Today, Cairo would be an offensive Orientalist caricature of the untrustworthy Middle Easterner, of course, and indeed despite his Hungarian Jewish origins, Lorre had lately been playing the Japanese detective Mr Moto in a series of B Movies for 20th Century Fox. The Maltese Falcon was his first movie after moving to Warner Bros., and the first of many he’d make with Greenstreet.
Patrick, meanwhile, makes the secretary Effie a strong, intelligent woman. Astor’s Brigid is palpably fake and manipulative; the role helped to put Astor, whose career had faded first as a result of the arrival of sound and then in an adultery scandal, back in the limelight. Huston’s father Walter, himself a fine actor (and never so fine as co-starring with Bogart in his son’s Treasure of the Sierra Madre seven years later), plays a small uncredited role as Jacobi the sea captain.
Huston crowds all these characters into a small number of claustrophobic sets— all the key scenes are interiors, ceilings often seem to nearly touch heads, and the few exteriors are mostly set at night, robbing them of any sense of wider space. This, as well as cinematographic touches like the famously symbolic near-final shot of Brigid behind the bars of an elevator, have helped to earn The Maltese Falcon’s reputation as one of the first noirs (indeed, the Golden Age of the style is sometimes said to extend from Falcon to Orson Welles’s Touch of Evil in 1958). And certainly, Spade, with his mixed motives, is much closer to a noir protagonist than a conventional valiant hero.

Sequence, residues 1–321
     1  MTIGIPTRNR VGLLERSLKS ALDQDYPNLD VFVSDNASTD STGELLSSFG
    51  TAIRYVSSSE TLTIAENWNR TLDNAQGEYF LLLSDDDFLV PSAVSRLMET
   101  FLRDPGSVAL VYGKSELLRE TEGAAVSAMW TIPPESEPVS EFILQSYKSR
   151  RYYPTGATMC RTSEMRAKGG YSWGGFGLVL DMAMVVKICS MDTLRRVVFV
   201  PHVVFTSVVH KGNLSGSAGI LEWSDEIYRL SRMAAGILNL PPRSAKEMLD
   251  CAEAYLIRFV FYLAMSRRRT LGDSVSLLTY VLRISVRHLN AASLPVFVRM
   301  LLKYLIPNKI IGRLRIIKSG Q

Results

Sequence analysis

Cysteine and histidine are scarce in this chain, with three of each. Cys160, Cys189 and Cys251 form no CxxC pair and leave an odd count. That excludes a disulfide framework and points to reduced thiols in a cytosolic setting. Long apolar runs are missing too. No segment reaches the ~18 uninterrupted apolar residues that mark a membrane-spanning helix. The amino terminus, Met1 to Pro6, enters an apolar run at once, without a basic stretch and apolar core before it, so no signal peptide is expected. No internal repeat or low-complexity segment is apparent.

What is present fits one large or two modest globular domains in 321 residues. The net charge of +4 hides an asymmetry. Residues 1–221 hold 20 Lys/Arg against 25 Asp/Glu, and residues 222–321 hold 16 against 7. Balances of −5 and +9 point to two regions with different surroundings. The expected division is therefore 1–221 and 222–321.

Less remarked upon but equally interesting are The Maltese Falcon’s resemblances to two of the most legendary films of the period, Welles’s Citizen Kane, and Michael Curtiz’s Casablanca the following year. It shares a producer (Hal Wallis), a director of photography (Arthur Edeson), and of course Bogart with Casablanca, and the actor’s shift toward more noble roles with The Maltese Falcon may well have suggested his suitability for the film adaptation of an unknown play called Everybody Comes to Rick’s. The Rick Blaine of Casablanca is, after all, not far at all from the Sam Spade of The Maltese Falcon—the same tough guy with an underlying sense of honour—and the final scene in Falcon between Bogart and Astor is almost an inversion of the famous concluding airport scene in Casablanca. In Falcon, after all, Spade muses over what the couple might have had in the future, while Blaine recalls what they did have in the past; it is Brigid, not Blaine, who leaves with the police, not for a beautiful friendship.
If this is intriguing speculation, the influence on Casablanca of Gregg Toland’s photography for Citizen Kane is there for all to see. Indeed, William Stull wrote in American Cinematographer that very year that it was “one of the first films to point the way to a successful adaptation of the Citizen Kane photographic technique to more routine production. Much of the Kane technique has been retained: There is strikingly similar depth and crispness, the use of wide-angle lenses and roofed-in sets, not done just occasionally, when somebody thought of it, but throughout the picture, as an integral part of the production…